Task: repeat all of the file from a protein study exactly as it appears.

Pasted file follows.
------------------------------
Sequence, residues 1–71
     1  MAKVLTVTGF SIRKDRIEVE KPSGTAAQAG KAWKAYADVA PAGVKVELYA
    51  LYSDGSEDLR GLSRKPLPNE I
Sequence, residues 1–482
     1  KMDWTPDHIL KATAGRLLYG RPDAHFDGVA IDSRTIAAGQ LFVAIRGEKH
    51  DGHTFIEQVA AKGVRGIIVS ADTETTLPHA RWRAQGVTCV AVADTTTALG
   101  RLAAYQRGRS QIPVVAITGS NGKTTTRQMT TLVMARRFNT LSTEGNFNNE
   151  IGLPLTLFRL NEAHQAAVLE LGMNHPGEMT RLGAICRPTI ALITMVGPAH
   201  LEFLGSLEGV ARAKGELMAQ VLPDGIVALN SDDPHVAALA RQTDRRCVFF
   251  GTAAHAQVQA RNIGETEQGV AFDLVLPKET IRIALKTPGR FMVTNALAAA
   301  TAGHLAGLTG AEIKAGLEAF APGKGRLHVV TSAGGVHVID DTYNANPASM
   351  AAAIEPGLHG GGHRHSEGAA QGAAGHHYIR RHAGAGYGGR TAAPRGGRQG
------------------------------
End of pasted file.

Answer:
Sequence, residues 1–71
     1  MAKVLTVTGF SIRKDRIEVE KPSGTAAQAG KAWKAYADVA PAGVKVELYA
    51  LYSDGSEDLR GLSRKPLPNE I
Sequence, residues 1–482
     1  KMDWTPDHIL KATAGRLLYG RPDAHFDGVA IDSRTIAAGQ LFVAIRGEKH
    51  DGHTFIEQVA AKGVRGIIVS ADTETTLPHA RWRAQGVTCV AVADTTTALG
   101  RLAAYQRGRS QIPVVAITGS NGKTTTRQMT TLVMARRFNT LSTEGNFNNE
   151  IGLPLTLFRL NEAHQAAVLE LGMNHPGEMT RLGAICRPTI ALITMVGPAH
   201  LEFLGSLEGV ARAKGELMAQ VLPDGIVALN SDDPHVAALA RQTDRRCVFF
   251  GTAAHAQVQA RNIGETEQGV AFDLVLPKET IRIALKTPGR FMVTNALAAA
   301  TAGHLAGLTG AEIKAGLEAF APGKGRLHVV TSAGGVHVID DTYNANPASM
   351  AAAIEPGLHG GGHRHSEGAA QGAAGHHYIR RHAGAGYGGR TAAPRGGRQG